BishopAccountability.org

Trial of Priest on Buggery Charges Halted

By Mary Carolan
The Irish Times
February 8, 2012

http://www.irishtimes.com/newspaper/breaking/2012/0208/breaking45.html

Mr Justice Adrian Hardiman described as 'inexplicable' the failure of the Oireachtas to include the necessary saving provisions in the Criminal Law (Sexual Offences) Act 1993 allowing prosecutions for pre-1993 buggery offences.

A Supreme Court majority decision today halting the trial of a priest on a charge of alleged buggery of a teenage boy in 1970 has important implications for other persons charged with buggery offences prior to 1993.

The decision does not affect the trial of the priest on two other charges of indecent assault of the 13-year-old boy and another 14-year-old boy which can proceed.

By a three/two majority, the Supreme Court ruled the priest cannot be tried on the buggery charge because, when repealing the offence of buggery "between persons" in 1993, the Oireachtas failed to enact the necessary saving measures to allow prosecutions for such common law offences committed prior to 1993.

Mr Justice Adrian Hardiman described as "inexplicable" the failure of the Oireachtas to include the necessary saving provisions in the Criminal Law (Sexual Offences) Act 1993 allowing prosecutions for pre-1993 buggery offences.

While general saving provisions for abolished common law offences were made four years later via the Interpretation (Amendment) Act 1997, that legislation could not be retrospectively applied to pre-1993 buggery offences, the court also ruled.

The case arose after the priest was charged in 2007 with a number of sexual offences allegedly committed on two teenage boys in 1970 and 1971 when they were boarders at a school where the priest taught.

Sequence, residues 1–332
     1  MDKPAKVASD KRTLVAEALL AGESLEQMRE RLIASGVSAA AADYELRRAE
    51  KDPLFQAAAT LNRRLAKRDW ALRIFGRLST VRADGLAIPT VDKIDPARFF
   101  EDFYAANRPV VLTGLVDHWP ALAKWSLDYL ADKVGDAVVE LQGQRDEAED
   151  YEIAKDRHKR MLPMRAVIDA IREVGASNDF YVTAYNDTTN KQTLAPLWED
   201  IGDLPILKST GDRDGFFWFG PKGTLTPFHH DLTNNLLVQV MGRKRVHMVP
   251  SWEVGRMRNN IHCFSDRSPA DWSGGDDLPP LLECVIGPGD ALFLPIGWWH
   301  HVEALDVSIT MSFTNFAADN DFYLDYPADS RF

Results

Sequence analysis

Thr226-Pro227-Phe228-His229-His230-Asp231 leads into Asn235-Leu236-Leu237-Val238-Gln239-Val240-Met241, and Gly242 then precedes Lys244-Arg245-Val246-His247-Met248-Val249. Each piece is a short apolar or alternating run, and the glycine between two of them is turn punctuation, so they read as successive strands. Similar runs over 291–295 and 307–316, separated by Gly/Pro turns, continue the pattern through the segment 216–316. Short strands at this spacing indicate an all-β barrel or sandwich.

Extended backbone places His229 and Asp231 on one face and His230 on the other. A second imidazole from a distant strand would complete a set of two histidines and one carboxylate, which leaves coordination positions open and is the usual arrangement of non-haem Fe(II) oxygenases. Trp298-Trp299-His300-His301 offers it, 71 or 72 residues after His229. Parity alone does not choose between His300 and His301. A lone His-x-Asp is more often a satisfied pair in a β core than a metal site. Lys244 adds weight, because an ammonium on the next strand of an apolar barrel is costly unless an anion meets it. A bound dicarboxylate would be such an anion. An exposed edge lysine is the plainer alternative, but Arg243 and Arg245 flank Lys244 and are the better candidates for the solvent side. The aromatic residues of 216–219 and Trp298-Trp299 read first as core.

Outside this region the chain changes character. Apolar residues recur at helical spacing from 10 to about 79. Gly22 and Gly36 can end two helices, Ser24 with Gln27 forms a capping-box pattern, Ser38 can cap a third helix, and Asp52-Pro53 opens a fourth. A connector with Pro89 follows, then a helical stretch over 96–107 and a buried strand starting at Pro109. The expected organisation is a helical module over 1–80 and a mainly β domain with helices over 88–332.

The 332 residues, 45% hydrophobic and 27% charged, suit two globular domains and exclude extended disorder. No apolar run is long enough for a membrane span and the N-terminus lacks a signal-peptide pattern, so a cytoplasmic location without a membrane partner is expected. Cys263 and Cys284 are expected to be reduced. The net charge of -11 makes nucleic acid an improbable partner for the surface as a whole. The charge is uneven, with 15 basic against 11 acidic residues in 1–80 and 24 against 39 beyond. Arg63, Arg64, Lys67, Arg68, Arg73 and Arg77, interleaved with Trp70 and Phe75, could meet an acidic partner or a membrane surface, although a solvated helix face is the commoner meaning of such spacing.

District Judge Mary Devins had in 2007 refused to make an order concerning the buggery charge against the priest because she was concerned that offence was no longer available following its repeal by the Oireachtas in 1993.

The offence of buggery contrary to Section 61 of the Offences Against the Person Act 1861 was repealed following the successful European Court of Human Rights challenge by Senator David Norris to laws here criminalising homosexual acts.

The effect of the new Criminal Law Sexual Offices Act 1993 was to decriminalise the act of buggery committed consensually between adults and to create a new offence of buggery with minors.

The appeal to the Supreme Court was wholly concerned with whether Judge Devins was correct in making no order about the buggery charge.

Today, the Chief Justice, Ms Justice Susan Denham, Mr Justice Hardiman and Ms Justice Fidelma Macken all agreed the offence of buggery was a common law offence which ceased to exist as a result of the 1993 Act.

Because the offence was a common law offence, not a statutory offence, it was not saved by Section 21 of the Interpretation Act 1937 which provided for transitional arrangements when a statutory offence was abolished. Nor was it saved by provisions of the Interpretation (Amendment) Act 1997, the court found.

Mr Justice Nial Fennelly and Mr Justice John Murray dissented from the majority court finding that the buggery offence was a common law offence and ruled it was a statutory offence.




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